Three states in Australia have non-compulsory local government election voting, and along with Western Australia and South Australia, Tasmania is one of them.
All election positions are conducted based on the Hare-Clark method.
Then, the Robertson Rotation System is used to rotate the order candidate’s names appear on the ballot paper.
To vote in the elections, people will need to be enrolled on the electoral roll, or the general manager’s roll.
The general manager’s roll is for people those who aren’t on the electoral roll for that area, but might own property in the area.
For example, the person might live in Launceston, but has a shack on the East Coast
Rolls will close on September 13 at 6pm.
The counting process
The votes will be counted on a daily basis.
“They’ll come into Hobart and will be sorted into each individual council,” Mr Hawkey said.
“We will pull them out of the envelopes, take the declarations off, and mark them off the roll.
“We remove the declaration flap, which has the person’s name and signature on it so they’re anonymous votes.
“They’ll all then be shipped to the counting centres, which are in Hobart, Launceston and Devonport.”
All the councils, bar four councils and Glenorchy – which had an election earlier this year – will have data entered.
At the 2014 election, results from about 10 councils were data entered, which he said was a major success and the reason for this year’s increase.
Mr Hawkey said data entry was a more accurate and timely process.
“We hope to have the result known for all mayors and deputy positions on the night, but they will have to wait until they get a letter from the council asking them to take up that position,” he said.
“I expect we will have our first figure in for the councillors around 7pm and then rechecked figures later on Tuesday night.”
However, Mr Hawkey said there was every chance the councils that had close results would find out the next day.
“If it’s really close, like we had a few years ago in Launceston with [Rosemary] Armitage and [Albert] van Zetten being only four votes apart, then we have to wait until the next day and recheck it,” he said.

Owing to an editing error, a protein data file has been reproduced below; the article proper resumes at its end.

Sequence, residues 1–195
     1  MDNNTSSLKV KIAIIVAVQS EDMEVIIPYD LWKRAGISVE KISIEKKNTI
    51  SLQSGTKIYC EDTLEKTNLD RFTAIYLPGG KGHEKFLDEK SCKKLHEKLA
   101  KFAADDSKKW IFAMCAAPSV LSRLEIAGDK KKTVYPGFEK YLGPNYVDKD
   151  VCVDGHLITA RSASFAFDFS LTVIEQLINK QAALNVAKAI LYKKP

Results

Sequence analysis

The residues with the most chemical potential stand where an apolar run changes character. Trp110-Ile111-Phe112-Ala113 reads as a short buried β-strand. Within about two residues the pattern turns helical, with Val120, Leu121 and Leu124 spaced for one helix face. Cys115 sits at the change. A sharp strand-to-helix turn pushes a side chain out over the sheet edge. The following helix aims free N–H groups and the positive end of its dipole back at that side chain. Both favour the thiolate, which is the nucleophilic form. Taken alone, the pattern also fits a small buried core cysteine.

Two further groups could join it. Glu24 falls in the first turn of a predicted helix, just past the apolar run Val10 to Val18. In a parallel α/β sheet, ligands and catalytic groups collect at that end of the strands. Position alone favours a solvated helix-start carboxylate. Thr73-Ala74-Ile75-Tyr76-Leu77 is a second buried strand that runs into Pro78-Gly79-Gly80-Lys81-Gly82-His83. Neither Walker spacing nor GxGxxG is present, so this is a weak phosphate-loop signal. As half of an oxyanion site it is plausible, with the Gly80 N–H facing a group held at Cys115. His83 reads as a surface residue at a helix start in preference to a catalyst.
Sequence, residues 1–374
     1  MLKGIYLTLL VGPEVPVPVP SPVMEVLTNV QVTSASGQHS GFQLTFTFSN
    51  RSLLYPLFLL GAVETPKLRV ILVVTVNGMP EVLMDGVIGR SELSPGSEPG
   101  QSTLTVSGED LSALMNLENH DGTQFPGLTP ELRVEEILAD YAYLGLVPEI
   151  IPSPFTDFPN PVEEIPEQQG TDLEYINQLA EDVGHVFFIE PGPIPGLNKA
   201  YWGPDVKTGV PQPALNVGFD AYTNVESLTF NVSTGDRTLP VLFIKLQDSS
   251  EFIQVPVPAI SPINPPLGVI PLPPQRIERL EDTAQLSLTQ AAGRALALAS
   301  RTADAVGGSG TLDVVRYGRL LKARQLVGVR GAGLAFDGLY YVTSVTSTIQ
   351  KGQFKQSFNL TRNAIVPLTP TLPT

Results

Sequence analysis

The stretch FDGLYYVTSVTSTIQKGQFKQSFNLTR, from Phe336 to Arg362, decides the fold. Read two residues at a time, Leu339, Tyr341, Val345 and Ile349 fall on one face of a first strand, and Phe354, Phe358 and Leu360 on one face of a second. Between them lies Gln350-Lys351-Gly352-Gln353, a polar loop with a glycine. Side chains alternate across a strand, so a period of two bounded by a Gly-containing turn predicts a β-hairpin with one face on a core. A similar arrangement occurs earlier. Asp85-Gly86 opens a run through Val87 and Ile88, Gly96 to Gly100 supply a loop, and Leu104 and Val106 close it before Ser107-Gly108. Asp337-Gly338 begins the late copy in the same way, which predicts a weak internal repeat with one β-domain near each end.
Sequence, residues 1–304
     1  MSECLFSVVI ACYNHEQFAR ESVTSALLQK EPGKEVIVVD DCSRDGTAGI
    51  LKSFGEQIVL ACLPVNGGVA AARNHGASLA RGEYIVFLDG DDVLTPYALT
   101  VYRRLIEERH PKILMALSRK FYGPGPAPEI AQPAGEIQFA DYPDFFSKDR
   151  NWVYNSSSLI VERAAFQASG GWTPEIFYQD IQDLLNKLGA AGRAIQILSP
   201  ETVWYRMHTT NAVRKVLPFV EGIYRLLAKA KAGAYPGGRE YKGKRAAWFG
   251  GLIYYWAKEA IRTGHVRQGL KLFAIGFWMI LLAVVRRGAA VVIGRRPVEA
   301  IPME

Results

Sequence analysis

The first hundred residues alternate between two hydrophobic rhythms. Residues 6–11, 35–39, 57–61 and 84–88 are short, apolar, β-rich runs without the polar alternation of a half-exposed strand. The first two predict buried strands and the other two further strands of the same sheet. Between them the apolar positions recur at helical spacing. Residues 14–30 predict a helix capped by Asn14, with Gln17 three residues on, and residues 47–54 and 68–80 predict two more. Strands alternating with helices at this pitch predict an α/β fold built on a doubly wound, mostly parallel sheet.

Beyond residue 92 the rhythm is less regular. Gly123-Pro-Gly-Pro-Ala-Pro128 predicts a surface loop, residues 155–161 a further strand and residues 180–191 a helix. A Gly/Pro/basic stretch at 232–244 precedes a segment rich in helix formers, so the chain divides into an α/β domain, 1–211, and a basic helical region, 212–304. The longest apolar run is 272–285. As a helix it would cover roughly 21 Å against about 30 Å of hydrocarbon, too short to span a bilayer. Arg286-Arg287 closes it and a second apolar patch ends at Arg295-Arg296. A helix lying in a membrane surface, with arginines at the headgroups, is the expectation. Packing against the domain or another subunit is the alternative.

For mayors and deputy mayors to be offered the position, they have to receive 50 per cent of the vote.
“You throw everything in the number one, and if no one was 50 per cent then you take the candidate with the lowest number of votes and go to number two to see if anyone reaches the majority,” Mr Hawkey said.
“You just keep taking the votes from the lowest candidate until someone reaches the minimum.”
Successful councillors and aldermen will not be expected to know everything about the council the day they find out if they’re successful, Local Government Association of Tasmania chief executive Katrena Stephenson said.
The TEC’s returning officer will write to the general manager of each council and send a certificate of election out.
“The first thing they have to do is make a declaration of office. They can’t actually attend a council meeting until they do that,” she said.
“There is a prescribed format in which they do that, they effectively take an oath.”
Then councillors will have induction days.
“Each council will host some induction activities for the councillors, and so does LGAT,” she said.
“There is probably a busy time in the first month for them getting that knowledge built up, and it’s done collectively with the whole council.”
Mr Hawkey said getting the knowledge was one of the contributing factors to extend a term of local government from two years to four years.
“They thought if they had elections every four years it was easier to get everyone through those induction periods rather than having to do it every 18 months.”